Much of the struggles of the industry are due to the lack of resources, training and mentoring to producers. If we have enough support for the group of people whom actually greenlight the pictures then maybe that will trickle down over everything.

I can't think of one organization that strongly focuses on the development of indie producers. Film school producing programs are just the beginning of training. And most indie producers don't attend film school anyway. You must already have films distributed in order to join the Producers Guild as a producer. By then you have already typically made a few crappy ones that never got distributed. IFP and Film Independent and Sundance try to offer help but they also heavily service directors and writers. And much of the best resources are given in tiny labs that are very hard to get into.

I think we need an organization specifically for producers -- that will be the most effective.

Most of the interviews in film magazines are with writers and directors. I know more about the writers and directors of indie films than producers. That needs to change. More publicity and knowledge of what a producer does will help. Maybe those less experienced won't jump in so quickly if they really understand how big a job it is.

I think that if we start an organization that is helmed or guided by successful producers that really gives back to the next generation of producers then we are on to something that can help indie films get better. Teach indie producers how to develop strong films and be a strong creative partner to the director. Help them understand the importance of a strong cast. Distributors have said they want projects with name actors. How do indie producers make this happen? They need help. Bigger producers could help make inroads with the agents so they are more open to having their clients in smaller films. Give indie producers resources that really help them secure distribution.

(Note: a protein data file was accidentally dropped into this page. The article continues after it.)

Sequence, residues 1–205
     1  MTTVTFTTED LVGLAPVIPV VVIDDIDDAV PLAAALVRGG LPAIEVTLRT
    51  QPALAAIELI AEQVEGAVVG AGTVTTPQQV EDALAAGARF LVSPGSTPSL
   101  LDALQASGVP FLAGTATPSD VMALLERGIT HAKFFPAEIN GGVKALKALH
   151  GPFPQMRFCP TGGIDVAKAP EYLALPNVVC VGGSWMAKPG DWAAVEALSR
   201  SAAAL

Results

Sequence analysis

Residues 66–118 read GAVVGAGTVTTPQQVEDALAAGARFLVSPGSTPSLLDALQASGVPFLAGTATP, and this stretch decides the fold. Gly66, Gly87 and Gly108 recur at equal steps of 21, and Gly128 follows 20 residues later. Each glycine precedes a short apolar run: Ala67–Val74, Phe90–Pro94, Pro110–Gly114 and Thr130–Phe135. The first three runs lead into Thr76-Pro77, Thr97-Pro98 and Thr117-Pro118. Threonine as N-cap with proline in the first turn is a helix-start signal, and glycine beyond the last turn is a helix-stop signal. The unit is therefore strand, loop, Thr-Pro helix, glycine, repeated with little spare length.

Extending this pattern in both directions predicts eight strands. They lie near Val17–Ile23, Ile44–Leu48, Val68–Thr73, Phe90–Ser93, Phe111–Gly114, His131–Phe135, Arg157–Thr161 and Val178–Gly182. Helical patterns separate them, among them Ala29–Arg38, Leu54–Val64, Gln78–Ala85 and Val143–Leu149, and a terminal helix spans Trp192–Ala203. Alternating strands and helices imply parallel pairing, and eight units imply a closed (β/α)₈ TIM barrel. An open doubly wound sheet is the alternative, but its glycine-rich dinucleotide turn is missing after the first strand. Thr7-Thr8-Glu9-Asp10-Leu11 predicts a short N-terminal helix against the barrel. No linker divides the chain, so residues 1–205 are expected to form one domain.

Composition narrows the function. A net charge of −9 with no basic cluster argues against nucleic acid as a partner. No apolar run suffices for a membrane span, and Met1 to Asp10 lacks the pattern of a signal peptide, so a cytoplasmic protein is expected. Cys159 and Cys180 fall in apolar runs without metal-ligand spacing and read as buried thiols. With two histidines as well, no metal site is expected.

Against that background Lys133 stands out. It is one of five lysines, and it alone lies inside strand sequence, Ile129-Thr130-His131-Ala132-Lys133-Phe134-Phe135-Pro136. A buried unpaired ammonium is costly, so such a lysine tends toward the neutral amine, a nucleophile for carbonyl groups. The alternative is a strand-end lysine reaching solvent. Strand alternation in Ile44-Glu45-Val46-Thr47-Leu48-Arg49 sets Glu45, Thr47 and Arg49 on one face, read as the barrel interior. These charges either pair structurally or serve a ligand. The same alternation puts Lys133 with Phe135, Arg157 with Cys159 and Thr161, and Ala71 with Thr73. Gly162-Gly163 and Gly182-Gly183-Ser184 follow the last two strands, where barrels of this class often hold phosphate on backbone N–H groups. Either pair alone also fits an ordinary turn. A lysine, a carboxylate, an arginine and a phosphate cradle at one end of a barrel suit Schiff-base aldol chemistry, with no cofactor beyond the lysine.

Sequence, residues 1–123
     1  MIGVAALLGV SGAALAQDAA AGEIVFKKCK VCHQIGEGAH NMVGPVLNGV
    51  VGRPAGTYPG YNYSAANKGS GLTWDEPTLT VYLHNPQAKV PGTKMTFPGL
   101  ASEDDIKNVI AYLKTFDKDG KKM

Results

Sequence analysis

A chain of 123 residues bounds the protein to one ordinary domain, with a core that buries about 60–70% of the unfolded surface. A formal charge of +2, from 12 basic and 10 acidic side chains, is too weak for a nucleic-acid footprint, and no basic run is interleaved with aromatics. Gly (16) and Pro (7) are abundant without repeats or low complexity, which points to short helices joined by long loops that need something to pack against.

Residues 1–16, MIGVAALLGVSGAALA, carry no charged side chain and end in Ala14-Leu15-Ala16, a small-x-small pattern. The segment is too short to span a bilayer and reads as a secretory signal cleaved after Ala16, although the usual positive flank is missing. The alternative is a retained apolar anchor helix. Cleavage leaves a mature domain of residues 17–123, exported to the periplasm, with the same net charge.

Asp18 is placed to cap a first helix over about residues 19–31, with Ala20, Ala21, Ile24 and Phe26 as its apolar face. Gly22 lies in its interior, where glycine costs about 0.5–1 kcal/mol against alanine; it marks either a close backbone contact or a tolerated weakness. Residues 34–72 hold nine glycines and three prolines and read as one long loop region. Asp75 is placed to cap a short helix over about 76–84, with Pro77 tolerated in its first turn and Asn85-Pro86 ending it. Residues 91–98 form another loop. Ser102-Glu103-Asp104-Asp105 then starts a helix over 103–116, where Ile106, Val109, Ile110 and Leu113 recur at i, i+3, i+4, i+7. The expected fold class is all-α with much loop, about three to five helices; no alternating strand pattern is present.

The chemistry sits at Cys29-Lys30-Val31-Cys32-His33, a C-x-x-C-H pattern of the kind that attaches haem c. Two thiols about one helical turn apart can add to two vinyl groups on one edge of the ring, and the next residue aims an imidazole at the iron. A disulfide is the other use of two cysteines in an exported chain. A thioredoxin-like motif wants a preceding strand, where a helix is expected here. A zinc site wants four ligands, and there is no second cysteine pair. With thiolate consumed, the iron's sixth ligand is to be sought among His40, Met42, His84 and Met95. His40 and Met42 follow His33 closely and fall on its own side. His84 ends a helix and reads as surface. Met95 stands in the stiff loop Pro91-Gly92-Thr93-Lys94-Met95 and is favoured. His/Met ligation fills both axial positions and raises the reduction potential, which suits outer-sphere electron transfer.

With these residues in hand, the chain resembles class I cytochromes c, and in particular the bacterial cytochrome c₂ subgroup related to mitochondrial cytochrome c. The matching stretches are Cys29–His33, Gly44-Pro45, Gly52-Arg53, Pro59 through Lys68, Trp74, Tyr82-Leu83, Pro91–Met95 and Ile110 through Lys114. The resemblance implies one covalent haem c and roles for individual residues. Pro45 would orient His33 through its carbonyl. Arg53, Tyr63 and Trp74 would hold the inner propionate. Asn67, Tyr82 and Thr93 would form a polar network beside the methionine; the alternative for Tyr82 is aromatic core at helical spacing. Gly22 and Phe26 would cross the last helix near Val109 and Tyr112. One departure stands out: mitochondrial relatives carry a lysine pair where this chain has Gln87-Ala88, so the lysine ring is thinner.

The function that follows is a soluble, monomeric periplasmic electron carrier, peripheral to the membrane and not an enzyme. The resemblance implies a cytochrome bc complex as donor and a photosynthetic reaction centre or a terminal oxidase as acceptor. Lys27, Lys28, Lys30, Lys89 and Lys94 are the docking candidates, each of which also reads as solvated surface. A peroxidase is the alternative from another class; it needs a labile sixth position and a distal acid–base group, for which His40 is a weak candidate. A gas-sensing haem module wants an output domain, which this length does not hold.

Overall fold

You help to teach and build the skills of indie producers and I guarantee there will be significant change in the quality of films being made. They will develop projects longer. Staff it right and cast it well, etc. We lament the loss of billions of dollars each year on indie films. Who is gathering this money and using it? Producers! Let's get us trained and organized and perhaps these losses will diminish. I'm ready to do what it takes to fix the situation. This is my livelihood. If I don't help fix it, who will?

If there were an organization providing more significant training and support from the top at the producer level, we would see a huge difference in the quality of films being made. I know my producer colleagues and I could use more support and the problem is that we haven't been able to find this "ongoing" support. We lean on each other and we join all the usual associations that do exist, but we still struggle finding the mentoring that we really want and need.